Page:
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The choice of a company name is a key feature in the formation and registration of a company and in theory any name should be capable of being registered.
Over the years a number of restrictions have developed. Companies House provides guidance on these restrictions that spans some 50 plus pages. Whilst the guidance is very useful there will be occasions where it is necessary to refer to the relevant section of the Companies Act 2006 (‘the Act') and the detailed regulations contained in various statutory instruments governing this area.
Company name rules
The rules are complex and apply equally to limited liability partnerships. They are found mainly in sections 53 to 85 (inclusive) of the Act and on business names in sections 1192-1207. There are seven statutory instruments (or regulations) to be considered. These also cover trading disclosures and opportunistic name registrations. There is not sufficient space to cover these or the business names rules but it is important to be aware of the rules in these areas.
When choosing a company name, the Act lays down certain provisions and there are three key statutory instruments. These are:
Names must end in either ‘limited' or ‘ltd' for private companies, ‘public limited company' or ‘plc.' for public companies, ‘LLP' or ‘limited liability partnership' for LLPs and the Welsh equivalents where relevant. A proposed name must not be the same as that of another entity already registered (the ‘same as' rules). There are also controls on:
Some names that include words that would constitute an offence eg incitements to violence are not allowed.
‘Same as' rules
The Act brought changes too. Prior to 1 October 2009 the ‘same as' rules were narrowly defined. Now they are very broad. In this it could be argued that the Act has failed in its stated aim of simplification.
This can only be assessed by working through the rules. Names that seem, look and even sound quite different are treated for registration purposes as the same, eg Hands Limited is the same as H & S Limited.
Companies House now exclude certain words and phrases from proposed company names and compare them to existing registered companies. So for example it would only be possible to incorporate a company called ‘Acme Building Services Limited' with the express permission of the existing company ‘Acme Building Co Limited' together with a letter confirming the two companies are connected. Simple? Well not quite, because if you choose to insert brackets ie Acme Building (Services) Limited or move the word ‘services' away from the word ‘limited' eg ‘Acme Building Services Kent Limited' the name becomes perfectly acceptable!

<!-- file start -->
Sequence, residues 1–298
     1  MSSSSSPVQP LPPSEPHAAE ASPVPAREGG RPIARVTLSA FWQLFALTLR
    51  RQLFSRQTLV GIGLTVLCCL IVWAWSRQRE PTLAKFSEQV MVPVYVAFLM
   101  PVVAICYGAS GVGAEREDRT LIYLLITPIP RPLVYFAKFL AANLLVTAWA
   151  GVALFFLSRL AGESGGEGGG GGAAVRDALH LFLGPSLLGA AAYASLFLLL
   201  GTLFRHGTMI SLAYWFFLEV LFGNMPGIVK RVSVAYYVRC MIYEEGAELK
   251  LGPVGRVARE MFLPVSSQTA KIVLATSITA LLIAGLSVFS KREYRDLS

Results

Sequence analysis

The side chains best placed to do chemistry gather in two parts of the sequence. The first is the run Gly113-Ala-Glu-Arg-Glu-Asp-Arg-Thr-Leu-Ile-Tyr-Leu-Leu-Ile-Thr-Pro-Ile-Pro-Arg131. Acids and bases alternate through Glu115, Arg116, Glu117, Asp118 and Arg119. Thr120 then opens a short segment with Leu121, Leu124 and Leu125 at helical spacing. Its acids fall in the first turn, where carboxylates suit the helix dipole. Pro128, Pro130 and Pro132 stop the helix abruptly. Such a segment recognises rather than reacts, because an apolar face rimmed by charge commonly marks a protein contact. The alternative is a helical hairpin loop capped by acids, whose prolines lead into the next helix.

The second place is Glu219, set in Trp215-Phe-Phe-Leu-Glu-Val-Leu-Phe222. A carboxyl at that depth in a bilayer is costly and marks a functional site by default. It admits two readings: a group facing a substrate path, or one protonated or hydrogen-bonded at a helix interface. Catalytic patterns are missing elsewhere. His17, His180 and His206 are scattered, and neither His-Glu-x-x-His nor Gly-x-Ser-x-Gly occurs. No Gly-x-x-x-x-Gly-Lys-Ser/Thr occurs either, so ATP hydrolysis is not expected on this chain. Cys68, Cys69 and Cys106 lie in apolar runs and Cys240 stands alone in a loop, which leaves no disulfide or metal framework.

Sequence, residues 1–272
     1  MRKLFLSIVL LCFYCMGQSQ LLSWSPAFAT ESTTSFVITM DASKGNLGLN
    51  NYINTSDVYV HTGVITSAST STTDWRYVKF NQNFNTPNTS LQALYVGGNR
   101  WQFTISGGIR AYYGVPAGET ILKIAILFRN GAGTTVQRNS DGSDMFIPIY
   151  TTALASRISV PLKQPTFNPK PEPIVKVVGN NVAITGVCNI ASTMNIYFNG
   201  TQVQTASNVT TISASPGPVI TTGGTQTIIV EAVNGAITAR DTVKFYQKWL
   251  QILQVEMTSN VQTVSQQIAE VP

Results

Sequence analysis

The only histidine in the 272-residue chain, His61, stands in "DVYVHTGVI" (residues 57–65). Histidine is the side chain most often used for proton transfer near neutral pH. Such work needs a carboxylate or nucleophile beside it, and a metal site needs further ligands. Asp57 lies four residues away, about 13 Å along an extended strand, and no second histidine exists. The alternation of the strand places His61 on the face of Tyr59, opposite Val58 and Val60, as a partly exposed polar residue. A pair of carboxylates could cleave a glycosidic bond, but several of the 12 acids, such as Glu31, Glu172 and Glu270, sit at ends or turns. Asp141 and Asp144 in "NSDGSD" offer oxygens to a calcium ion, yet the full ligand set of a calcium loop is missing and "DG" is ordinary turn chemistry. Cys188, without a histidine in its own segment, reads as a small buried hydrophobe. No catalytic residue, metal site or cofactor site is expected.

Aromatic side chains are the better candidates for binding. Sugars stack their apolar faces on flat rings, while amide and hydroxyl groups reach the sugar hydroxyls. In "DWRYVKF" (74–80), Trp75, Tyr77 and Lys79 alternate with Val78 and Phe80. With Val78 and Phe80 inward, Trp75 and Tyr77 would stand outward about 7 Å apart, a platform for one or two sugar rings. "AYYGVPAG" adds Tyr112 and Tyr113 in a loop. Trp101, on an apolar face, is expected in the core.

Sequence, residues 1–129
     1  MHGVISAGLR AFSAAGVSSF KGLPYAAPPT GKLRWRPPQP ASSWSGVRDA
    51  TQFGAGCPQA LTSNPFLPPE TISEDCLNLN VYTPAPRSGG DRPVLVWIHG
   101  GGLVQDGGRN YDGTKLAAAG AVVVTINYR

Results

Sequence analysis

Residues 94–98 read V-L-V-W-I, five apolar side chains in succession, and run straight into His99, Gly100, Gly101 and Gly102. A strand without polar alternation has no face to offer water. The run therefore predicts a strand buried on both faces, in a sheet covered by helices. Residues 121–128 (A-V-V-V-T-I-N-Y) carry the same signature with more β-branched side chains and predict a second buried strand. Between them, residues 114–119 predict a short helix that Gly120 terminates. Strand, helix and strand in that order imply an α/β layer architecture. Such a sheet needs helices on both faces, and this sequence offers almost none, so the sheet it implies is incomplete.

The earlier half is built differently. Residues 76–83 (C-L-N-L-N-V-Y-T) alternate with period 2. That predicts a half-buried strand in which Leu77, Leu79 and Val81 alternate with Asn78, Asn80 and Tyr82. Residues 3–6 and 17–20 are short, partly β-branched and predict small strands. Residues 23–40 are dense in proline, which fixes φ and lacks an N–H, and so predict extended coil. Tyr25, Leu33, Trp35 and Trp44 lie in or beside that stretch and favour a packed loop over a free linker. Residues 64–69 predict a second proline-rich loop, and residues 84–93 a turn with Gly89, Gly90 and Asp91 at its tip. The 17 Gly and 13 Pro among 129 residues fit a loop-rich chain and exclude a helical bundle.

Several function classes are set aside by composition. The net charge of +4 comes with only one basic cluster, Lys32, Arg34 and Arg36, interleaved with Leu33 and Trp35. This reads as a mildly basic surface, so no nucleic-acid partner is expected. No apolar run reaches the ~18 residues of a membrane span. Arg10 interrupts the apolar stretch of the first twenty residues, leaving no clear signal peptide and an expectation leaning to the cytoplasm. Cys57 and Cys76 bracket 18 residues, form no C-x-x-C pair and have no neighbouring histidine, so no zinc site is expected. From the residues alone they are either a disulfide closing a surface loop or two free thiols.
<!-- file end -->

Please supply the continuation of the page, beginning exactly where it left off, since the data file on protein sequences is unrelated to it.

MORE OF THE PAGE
To their credit Companies House has gone to great lengths to assist users. It has (as has Jordans) an online name availability checker. By their nature these checkers cannot guarantee that the name will be available when you apply for registration (someone else may have acquired the name in the meantime). Note also that Companies House lookup will not warn you about ‘sensitive' elements in the name.
A warning to group companies
Group companies wishing to swap names between subsidiaries must bear in mind that once one company has divested itself of a name the registration of another company with that name will be subject to the new rules. The name availability checkers should still be used. Due to the change in the rules it may be that there is in existence a company with a name the same as the proposed ‘new' name. If that company is within your group then this can be easily resolved via a letter of non-objection to the application. The problem arises where a third party incorporated prior to 1 October 2009 has what is under the rules a name the same as your proposed name under the new broader rules. This will prevent the application for the ‘new' name even though previously within the group for a number of years.
Incorporation with a name is not a guarantee. A company could be required to change its name after incorporation, eg if it is ‘too like' an existing name, the company's activities listed on incorporation were misleading or its name is considered too similar to a name in which someone else has goodwill.
It is therefore advisable to check business directories, trademark registries as well as the Companies House register when choosing a name to reduce the risks attached.
There is a limit of 160 characters on a company name and believe it or not there are four companies that have used up all their allotted characters (including the imaginatively named ‘ZZZZZZZZZZZZZZZZZZZZZZZZZZZZZZZZZZZZZZZZZZZZZZZZZZZZZZZZZZZZZZZZZZZZZZZZZZZZZZ
ZZZZZZZZZZZZZZZZZZZZZZZZZZZZZZZZZZZZZZZZZZZZZZZZZZZZZZZZZZZZZZZZZZZZZZZZZZ Limited'). At the other end of the scale the shortest limited company name is ‘Y Ltd'!
In its online red tape challenge, The Department for Business, Innovation and Skills (BIS) recently invited comments and suggestions on the area of company names generally. It may come as no surprise that it was highlighted by many respondents as ripe for change and improvement.
Kathleen O'Reilly, Head of Internal Legal Services at Jordans Limited. Is a solicitor and member of the Law Society's Company Law Committee. She can be contacted via email@example.com.
With additional content provided by Dave Percival, Jordans e-business Development Manager.
Previously published in Chartered Secretary Magazine.
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